In our view, negative values of the term premium during the previous decade reflected the lack of confidence in government actions during the prolonged recovery from the 2008-09 Great Recession and the threat of outright deflation had those policy disruptions or the trade war continued.
The slightly negative term premium in recent months suggests wariness of yet another debt ceiling standoff and an economic slowdown next year.
In 2007, and in similar circumstances, the business cycle was peaking, inflation was exceeding 4% and 10-year bond yields were trading in the 4% to 5% range. Back then, interest rates in that range seemed normal. After years of near-zero interest rates, what seems normal now?
The near term
We agree with the New York Fed’s analysis that given the recent rise in inflation, there will be a commensurate increase in term premiums. Still, the term premium on short-dated securities will remain relatively small, with current market prices reflecting investors’ expectations for monetary policy over the near term.
In the medium-term—and assuming the eventual end of the debt ceiling debate, the success of Fed policy to stabilize prices and the return to a slow-growth environment—we anticipate a pause in Fed rate hikes next year and an eventual cut.
Fed policy is nimble and will reverse course once prices have stabilized or if the economy is unable to support higher rates. For instance, the Fed maintained its near-zero policy rate from 2009 to 2015 while the economy struggled and then again during the pandemic.
We expect the federal funds rate to increase from 4% to above 5% for as long as the core Personal Consumption Expenditures index, a closely watched measure of inflation, remains above 5%.
By the end of the first quarter, the federal funds rate will top out most likely between 5% and 5.25%. That implies an increase in interest rates along the entire yield curve, with 10-year Treasury yields pushing to the top of a 4% to 5% range preceded by moves in two-year and five-year yields.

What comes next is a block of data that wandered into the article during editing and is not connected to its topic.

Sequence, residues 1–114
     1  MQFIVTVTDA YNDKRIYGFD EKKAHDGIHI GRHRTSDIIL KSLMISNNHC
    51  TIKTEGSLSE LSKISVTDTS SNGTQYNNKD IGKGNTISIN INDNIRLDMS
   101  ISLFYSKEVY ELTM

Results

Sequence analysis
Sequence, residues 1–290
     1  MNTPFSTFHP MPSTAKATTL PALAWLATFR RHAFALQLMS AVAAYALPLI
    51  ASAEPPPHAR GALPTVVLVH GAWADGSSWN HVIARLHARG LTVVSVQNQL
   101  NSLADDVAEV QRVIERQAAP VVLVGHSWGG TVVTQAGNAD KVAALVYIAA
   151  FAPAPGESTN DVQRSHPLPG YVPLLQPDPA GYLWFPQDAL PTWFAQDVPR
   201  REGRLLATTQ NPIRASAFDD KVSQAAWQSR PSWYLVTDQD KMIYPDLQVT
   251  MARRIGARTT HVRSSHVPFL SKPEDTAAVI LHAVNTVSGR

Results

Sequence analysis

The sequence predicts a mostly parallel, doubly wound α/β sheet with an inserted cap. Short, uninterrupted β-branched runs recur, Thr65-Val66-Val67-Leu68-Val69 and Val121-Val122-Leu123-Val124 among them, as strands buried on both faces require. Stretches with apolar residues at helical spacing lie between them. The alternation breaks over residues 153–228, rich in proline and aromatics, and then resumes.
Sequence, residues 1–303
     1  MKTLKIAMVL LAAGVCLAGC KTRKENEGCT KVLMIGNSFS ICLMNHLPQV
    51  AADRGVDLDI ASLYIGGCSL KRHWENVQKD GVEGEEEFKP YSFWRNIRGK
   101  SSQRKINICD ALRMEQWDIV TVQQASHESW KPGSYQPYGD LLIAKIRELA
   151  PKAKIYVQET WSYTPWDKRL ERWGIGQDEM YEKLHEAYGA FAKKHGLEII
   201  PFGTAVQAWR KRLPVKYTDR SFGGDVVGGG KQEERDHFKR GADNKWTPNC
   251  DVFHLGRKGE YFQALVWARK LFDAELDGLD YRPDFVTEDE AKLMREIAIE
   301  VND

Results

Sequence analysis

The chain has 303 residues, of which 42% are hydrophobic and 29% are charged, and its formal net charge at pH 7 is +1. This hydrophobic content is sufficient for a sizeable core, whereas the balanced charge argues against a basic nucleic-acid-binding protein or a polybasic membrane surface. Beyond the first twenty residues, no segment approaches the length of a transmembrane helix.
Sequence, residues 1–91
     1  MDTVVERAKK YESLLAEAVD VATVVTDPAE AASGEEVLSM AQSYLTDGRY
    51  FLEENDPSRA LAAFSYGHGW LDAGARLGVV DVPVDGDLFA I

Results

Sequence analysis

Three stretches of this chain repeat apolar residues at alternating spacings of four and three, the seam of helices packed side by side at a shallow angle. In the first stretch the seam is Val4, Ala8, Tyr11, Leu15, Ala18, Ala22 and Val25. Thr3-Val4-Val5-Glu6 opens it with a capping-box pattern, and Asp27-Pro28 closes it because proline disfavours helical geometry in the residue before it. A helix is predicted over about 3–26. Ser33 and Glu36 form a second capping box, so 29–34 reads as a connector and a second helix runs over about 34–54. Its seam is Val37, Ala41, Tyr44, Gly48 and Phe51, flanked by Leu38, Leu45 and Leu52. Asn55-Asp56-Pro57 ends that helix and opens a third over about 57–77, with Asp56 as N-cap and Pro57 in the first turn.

But what will determine the level of normal interest rates in the next phase of economic growth?
The longer term
Our assessment is that a shift in structure is occurring in the real economy and financial markets. We anticipate that economic growth will either slip into a near-recession next year because of the global tightening of monetary policy or fall into outright recession if circumstances in Europe or Asia worsen, or if Congress embraces fiscal austerity.
In either case, we expect the U.S. economy to stagnate, with annual growth limited to 1.5%, a notch below the 1.8% that was the long-term average before the pandemic
Recall that short-term bond yields are directly affected by monetary policy, with two-year yields representing the present value of expectations for short-term money market rates over two years.
But yields on long-term bonds—while still affected by changes in the policy rate—are more likely to include perceptions of economic growth and the real return on investment.
For example, mortgage rates in November moved above 7% for the first time since the early-2000s housing bubble, while the yield on 10-year Treasury bonds exceeded 4% for the first time since before the Great Recession.
We suspect that this latest increase will mark the end of near-zero interest rates, for several reasons: